While living in Provence I was lucky enough to be let in one of the best kept secrets: Cassis. A little fishing village on the Côte d’Azur (the French Riviera). While tourists around the world flock to sun in St. Tropez, Monaco, or to the famous film festival in Cannes, the French go to Cassis.

Known for its clay-color buildings, rosé producing vineyards, pebbly beaches and affable locals who speak little to no english, and are incredibly social and friendly. And elegantly dressed, especially the women. No American jean shorts, no tank tops. Dresses and outfits that were sexy and ultra-feminine, tailored to to hug a woman’s body, yet leave room to flow with her movement, room for mystery. Neutral tones and accessories that were noticed yet always a little understated. Hair and make-up natural, done just enough to enhance natural beauty.

The shops throughout the village reflect this elegance. Independent designers and buyers with an eye for understated quality and timeless, chic design I’ve never seen anywhere else. Beyond the shops, Cassis is home to a market held every Wednesday and Friday morning, full of local crafts, vegetable oil soap, fresh vegetables, Mediterranean style clothes, Turkish towels, linens, and of course, cheese. I bought a thin sweater to wear off the shoulder, that would also work for the rest of my pregnancy. The woman selling it to me spoke a little english and was so sweet. I’ve never understood the stereotype that the French are snobby or rude. That’s never been my experience. The woman spoke very little English but we managed conversation. She wanted to know all about my pregnancy, my time in France, when my baby was due. She showed me a picture of her adorable little five-year-old daughter. Then the gestured for me to choose a silk scarf, and pointed at my stomach, saying, ‘pour le bébé.’ It was so sweet and also cracked me up. Leave it to the French to use only the most stylish of baby wraps and blankets.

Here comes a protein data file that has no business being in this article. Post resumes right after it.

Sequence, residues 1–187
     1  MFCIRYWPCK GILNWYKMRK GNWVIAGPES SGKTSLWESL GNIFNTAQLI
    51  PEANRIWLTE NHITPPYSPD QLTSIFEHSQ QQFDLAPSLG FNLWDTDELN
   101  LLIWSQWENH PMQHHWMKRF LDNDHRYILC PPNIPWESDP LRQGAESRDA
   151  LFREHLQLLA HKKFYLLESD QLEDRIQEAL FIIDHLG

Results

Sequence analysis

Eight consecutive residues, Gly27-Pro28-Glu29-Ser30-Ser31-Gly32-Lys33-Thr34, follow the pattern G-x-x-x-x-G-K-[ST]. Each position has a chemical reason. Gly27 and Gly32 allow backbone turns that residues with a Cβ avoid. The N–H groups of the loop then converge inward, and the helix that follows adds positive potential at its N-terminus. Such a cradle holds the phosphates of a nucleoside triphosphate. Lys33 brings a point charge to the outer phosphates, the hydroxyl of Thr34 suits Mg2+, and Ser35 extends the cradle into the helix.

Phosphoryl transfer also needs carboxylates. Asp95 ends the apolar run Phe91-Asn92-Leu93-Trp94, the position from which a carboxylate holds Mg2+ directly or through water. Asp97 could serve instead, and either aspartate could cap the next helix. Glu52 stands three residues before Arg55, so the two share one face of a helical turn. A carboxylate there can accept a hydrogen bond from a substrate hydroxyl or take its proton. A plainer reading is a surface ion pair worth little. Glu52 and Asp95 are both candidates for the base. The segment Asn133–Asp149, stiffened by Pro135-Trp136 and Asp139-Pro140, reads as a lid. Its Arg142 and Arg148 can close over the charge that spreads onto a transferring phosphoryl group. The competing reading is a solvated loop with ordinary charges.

Cassis has restaurants and cafés for every budget point. My friend and I had a few long, leisurely lunches on the port, looking out at the people on the promenade, and the boats in the harbour. Just beyond the port and the village centre is the main public beach, the Plage de la Grande Mer. It’s popular but crowded for good reason. There’s a cliff to the left with a castle at the top, and out ahead, the blue Mediterranean, as far as the eye can see. I collected a few of the rocks, which I carried back to the States with me. I keep a few on my writing desk and a few in my daughter’s room, so the energy of the Mediterranean is always near, until we can go back to the best kept secret on the Côte d’Azur

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